Preimplantation Genetic Testing (PGT) and screening are two different methods doctors use to identify genetic abnormalities in embryos. PGT is useful in identifying genetic diseases and chromosomal abnormalities prior to embryo transfer in an IVF cycle. Screenings are done before conception, during pregnancy or immediately after birth. Here we offer a breakdown of the different screening and preimplantation testing methods and what they can uncover.
What Are Genetic Diseases?
Genetic diseases and disorders are conditions caused by a harmful change (mutation) to a gene. This change affects your genetic makeup, though just because you or your partner test positive for the mutation doesn’t mean you have or will develop the disease.
Genes are made of DNA, which is essentially an instruction manual for your cells and how they function. You receive half of your genes from your mom and half from your dad in the form of chromosomes. These genes determine your features, which is why you may have your mom’s brown eyes and your dad’s long legs.
When a baby inherits a mutation from one or both parents they are at risk for a genetic disorder. This disorder may be present at birth in the form of a birth defect or it may develop over time. There are three specific types of genetic disorders. They are:
- Chromosomal: Your chromosomes are structures within each cell that contain DNA. Chromosomal genetic disorders arise from missing, disordered or duplicated chromosomes.
- Complex: YAlso called multifactorial, these disorders arise from a combination of gene mutations and other factors. For example, damaged DNA combined with chemical exposure increases a risk for a genetic disease. Some other factors include lifestyle (eg. diet, alcohol, tobacco or drugs) or certain medications prescribed by your doctor.
- Single-Gene: Single gene or monogenic conditions happen when a single gene has a mutation.
Types of Screening for Genetic Diseases
If you and your partner know of a family history of certain genetic diseases prior to getting pregnant or beginning an IVF cycle, your doctor will likely recommend genetic counseling. You’ll meet with a trained counselor who, through a series of questions, will determine your risk for passing on a genetic disease. If there is a risk, you’ll be referred for additional testing.
The initial test is called a carrier screening. Through a sample of your and your partner’s blood or saliva, your DNA will be assessed for genetic mutations of specific diseases even if you or your partner don’t actually have the disease. This screening determines if both you and your partner carry a genetic predisposition for a disease and the likelihood of passing it on. In the case of recessive genetic diseases, like Cystic fibrosis, both you and your partner need to be carriers of the gene.
Prenatal screening is conducted during pregnancy. The doctor takes blood from the mother and, along with ultrasounds, assesses the risk for specific genetic conditions such as Down’s syndrome and neural tube defects in the developing fetus.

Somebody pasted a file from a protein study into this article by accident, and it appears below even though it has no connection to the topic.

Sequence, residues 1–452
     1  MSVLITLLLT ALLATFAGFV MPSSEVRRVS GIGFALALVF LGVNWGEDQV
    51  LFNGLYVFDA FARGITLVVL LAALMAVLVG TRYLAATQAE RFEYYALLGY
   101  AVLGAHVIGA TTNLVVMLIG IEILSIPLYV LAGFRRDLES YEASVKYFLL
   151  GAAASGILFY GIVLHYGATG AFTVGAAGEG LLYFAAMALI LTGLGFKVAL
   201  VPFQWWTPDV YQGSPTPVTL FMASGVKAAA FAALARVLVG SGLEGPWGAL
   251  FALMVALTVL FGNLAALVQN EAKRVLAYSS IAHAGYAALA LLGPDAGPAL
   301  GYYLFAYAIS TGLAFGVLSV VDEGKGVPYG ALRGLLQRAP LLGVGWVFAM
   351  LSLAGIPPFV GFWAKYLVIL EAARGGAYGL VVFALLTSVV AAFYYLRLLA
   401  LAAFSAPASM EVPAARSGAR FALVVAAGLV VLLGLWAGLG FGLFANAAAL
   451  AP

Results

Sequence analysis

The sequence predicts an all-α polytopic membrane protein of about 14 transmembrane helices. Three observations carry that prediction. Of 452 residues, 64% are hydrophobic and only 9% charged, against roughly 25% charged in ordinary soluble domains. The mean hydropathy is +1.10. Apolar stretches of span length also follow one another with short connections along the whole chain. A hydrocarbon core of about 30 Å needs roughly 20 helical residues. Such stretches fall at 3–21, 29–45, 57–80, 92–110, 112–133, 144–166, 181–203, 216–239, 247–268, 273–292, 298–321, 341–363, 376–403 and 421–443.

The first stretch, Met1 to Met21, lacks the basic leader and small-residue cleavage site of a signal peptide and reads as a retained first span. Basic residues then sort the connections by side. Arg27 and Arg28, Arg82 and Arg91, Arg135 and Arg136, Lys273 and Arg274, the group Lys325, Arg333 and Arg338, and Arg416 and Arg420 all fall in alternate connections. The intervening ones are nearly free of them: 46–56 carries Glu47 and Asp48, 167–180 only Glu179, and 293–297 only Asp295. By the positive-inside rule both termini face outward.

In addition to the conditions mentioned above, carrier and prenatal other disorders uncovered through carrier screening and prenatal screening include:
- Fragile X Syndrome
- Spinal Muscular Atrophy
- PKT (Phenylketonuria)
- Edwards Syndrome (trisomy 18)
Newborn screening tests for several conditions before symptoms show up in the baby. The benefit of newborn screening is that the doctors can begin treatment as early as possible and prevent serious and life-threatening complications.
Preimplantation Genetic Testing (PGT)
PGT tests for certain genetic diseases and chromosomal abnormalities of an embryo as part of an IVF cycle. Prior to implantation, cells removed from pre-placenta cells – not cells that grow into a fetus – are tested. The removal and testing of those cells, described below, in no way harms the embryo or interferes with its development.
This type of PGT assesses the embryo for aneuploidies that indicate a chromosomal abnormality. A chromosomal abnormality occurs when there are missing or additional chromosomes. When there is a chromosomal abnormality, the embryo is at risk conditions like trisomy or Down syndrome, as well as many others. This can result in developmental birth defects, miscarriage or stillbirth.
PGT-M tests for monogenic disorders that occur when one or both parents have a known genetic disease. The embryos are assessed for certain genetic mutations associated with the disease, allowing you to choose to implant only those embryos that show no evidence of the genetic mutation. Some examples of these genetic diseases are:
- Cystic Fibrosis
- Sickle-Cell Disease
- Huntington’s Disease
- BRCA Mutations
- Spinal Muscular Atrophy
The SR stands for structural rearrangement and that’s exactly what this form of PGT looks for. If both parents test positive for a structural rearrangement, the odds for the pregnancy to result in a live and healthy birth are low. Conditions associated with SR are typically complex and affect the major organs. Also structural rearrangement is often related to multiple miscarriages.
HALO Can Help
Of course the specific genetic diseases for which you are screened depend on your and your partner’s knowledge of your family history and possible presence of a genetic condition. Testing is entirely up to those involved and it is a highly personal decision.
If you need additional information or would like to meet with a genetic counselor, please contact Halo Fertility. Together we’ll find a way to realize your dream of growing your family.